So I went out on the Web and found found several companies that sold ocarinas, and ended up buying another ocarina from Anita Feng which looks sort of like this one on the left, except mine is blue.
Currently, this is my best-sounding ocarina but unfortunately, it's a 4-hole ocarina, and so some songs which can be played on a 5-hole ocarina cannot be played on it. Anita's ocarina has a wonderfully sweet tone that I've not yet been able to reproduce in the ocarinas I make.
I soon wanted to be able to make my own ocarinas, so I went and bought some FIMO clay -- which isn't really clay, but a polymer that is sort of like clay but which you can fire in an ordinary kitchen oven -- and attempted to make some. But I had no success, because all I had to go on was the ocarinas I owned -- I didn't know what I needed to do to get it to work right.
Fortunately, I found an archive on the ClayArt mailing list about tuning ceramic ocarinas. I wrote the people in that discussion and a number of them replied, including Cindy Strnad, Bob Wicks, Jennifer Boyer and Martin Arkowitz.
Jennifer was kind enough to send me a Ceramics Monthly article on making ocarinas by Delia Robinson which got me started.
|This was my first successful clay2 5-hole pendant ocarina.||This ocarina was made out of thin, smoothed FIMO, and so has a glossy, plastic-like appearance.|
|This rather unique ocarina was my first successful 5-hole
but it's not made out of clay -- it's made out of an old plastic Easter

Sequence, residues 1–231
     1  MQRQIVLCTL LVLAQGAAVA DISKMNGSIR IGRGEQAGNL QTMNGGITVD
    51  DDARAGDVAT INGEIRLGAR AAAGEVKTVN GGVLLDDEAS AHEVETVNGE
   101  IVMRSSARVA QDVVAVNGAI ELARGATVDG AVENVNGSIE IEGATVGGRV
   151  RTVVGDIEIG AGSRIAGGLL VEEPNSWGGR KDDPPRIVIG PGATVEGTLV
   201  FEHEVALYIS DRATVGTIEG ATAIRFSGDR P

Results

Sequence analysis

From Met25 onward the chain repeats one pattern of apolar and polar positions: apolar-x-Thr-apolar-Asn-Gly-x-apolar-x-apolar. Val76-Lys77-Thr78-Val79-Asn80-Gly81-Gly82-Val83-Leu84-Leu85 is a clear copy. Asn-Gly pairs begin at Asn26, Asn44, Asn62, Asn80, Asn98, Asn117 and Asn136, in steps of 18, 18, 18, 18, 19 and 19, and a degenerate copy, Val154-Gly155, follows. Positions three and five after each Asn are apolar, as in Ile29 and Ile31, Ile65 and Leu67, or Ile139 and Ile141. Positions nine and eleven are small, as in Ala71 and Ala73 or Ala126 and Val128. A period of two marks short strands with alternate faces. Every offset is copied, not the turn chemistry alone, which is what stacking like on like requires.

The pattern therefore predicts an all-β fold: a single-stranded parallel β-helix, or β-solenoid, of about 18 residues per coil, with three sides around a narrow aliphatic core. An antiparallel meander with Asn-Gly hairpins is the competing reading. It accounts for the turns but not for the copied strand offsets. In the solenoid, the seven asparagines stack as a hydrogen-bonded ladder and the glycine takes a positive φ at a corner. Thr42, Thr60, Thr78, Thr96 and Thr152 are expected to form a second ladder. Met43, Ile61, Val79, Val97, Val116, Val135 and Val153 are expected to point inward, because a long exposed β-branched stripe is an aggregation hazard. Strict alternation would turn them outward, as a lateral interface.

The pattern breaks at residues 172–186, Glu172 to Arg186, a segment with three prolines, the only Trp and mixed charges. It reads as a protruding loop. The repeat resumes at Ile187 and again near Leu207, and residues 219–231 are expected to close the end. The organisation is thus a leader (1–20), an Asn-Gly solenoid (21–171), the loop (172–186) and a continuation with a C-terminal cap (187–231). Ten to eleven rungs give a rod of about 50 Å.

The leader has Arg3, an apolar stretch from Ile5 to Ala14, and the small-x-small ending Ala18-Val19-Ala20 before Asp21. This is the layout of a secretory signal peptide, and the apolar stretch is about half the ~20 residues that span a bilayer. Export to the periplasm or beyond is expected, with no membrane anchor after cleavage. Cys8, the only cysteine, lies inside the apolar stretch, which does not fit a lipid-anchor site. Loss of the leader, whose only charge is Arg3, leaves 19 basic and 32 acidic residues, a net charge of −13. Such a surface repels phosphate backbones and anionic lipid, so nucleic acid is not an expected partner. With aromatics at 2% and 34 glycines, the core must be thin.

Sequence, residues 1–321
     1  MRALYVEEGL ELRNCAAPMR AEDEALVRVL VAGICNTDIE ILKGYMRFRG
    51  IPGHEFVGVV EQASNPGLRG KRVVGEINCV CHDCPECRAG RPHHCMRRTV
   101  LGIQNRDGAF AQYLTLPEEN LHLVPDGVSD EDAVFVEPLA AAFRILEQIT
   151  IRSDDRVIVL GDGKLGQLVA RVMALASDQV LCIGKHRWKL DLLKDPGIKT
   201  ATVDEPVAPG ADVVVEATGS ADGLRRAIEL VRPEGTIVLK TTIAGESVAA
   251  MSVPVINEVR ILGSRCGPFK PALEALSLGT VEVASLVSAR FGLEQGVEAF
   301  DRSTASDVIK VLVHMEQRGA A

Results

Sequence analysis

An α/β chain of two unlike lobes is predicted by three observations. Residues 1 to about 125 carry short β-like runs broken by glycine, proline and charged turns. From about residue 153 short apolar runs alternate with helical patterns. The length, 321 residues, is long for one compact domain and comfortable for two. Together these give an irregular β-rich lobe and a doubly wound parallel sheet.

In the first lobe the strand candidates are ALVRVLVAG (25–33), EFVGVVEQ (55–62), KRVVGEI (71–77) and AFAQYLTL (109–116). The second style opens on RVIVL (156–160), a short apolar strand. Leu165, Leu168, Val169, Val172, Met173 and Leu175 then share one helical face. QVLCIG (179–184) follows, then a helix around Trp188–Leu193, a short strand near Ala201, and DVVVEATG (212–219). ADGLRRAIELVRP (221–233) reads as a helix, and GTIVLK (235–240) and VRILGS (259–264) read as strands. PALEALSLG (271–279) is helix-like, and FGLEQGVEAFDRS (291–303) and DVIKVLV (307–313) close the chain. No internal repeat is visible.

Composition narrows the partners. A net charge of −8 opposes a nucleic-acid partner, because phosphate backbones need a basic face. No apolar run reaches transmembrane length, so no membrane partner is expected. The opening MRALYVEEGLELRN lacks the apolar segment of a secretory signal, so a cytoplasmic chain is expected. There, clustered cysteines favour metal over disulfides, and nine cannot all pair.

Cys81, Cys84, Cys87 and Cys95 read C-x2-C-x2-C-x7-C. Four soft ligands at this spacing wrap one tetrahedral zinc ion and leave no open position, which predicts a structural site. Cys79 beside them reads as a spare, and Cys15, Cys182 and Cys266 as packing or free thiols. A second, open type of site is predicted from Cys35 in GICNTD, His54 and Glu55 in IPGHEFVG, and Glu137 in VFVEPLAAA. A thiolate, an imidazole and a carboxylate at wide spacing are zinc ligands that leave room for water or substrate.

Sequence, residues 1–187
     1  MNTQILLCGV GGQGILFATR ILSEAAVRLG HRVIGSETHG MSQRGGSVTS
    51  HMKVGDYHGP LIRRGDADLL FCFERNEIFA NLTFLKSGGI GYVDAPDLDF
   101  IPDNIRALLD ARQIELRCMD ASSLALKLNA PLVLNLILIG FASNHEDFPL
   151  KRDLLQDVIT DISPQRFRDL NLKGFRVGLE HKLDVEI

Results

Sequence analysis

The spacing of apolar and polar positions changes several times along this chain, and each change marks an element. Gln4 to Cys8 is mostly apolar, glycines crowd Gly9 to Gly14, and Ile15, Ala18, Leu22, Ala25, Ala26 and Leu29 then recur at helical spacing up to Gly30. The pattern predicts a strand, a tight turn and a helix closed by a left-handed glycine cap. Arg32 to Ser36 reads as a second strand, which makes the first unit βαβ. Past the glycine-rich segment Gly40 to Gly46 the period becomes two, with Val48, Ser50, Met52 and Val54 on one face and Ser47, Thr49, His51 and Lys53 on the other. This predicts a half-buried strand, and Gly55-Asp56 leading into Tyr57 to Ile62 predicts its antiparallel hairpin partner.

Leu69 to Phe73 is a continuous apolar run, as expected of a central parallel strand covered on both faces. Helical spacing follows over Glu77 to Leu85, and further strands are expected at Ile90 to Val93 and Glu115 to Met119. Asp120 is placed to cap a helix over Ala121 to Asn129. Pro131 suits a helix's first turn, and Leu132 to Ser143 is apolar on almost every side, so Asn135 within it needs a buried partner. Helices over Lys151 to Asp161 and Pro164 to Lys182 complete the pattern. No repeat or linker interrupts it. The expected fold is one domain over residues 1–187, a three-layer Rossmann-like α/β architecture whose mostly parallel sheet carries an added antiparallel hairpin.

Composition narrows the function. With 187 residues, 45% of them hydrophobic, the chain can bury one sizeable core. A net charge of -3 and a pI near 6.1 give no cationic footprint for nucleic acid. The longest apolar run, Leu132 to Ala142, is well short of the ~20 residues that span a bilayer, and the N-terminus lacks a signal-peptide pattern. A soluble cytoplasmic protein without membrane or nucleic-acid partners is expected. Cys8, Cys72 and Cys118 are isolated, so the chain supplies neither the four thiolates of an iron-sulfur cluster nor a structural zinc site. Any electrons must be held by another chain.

egg, a drinking straw, and some tape!
My early attempts to make ocarinas failed because they would always lose their whistle ability when I make the 4th hole. The plastic egg let me control it precisely enough to manage 5 holes and still whistle (though it didn't have a very sweet tone.)
|This lemon ocarina on the left became the African Mask ocarina on the right after I painted and glazed it.|
||I achieved the marble effect on the left by mixing green FIMO
The ocarina on the right was my first successful in-line ocarina. It's a 4-hole ocarina with the holes in a straight line, so that you can (with practice) play it with only one hand.
||These two animal shapes are not actually ocarinas but rather two-note 'trillers'. They make a sound like a bird's trill.||
|This is my favorite 5-hole pendant ocarina of the ones I have
-- it has the clearest sound from the first note to the last.
Unfortunately, it is not very loud.
The picture on the right is after I decided to paint its bottom as well, since due to the way the string loops into the hole, it is hard to keep one side facing forward.
|After a while, I realized that I should make the hole for the string to make it into a necklace sideways, so that it will like flat on the chest and not keep trying to bob sideways.|
Here's a YouTube
on how to make a clay ocarina in 10 minutes.
Here's another YouTube on how to make
a carrot ocarina:
 Actually, none of my ocarinas are made of real clay -- by 'clay' I'm actually referring to polyclay.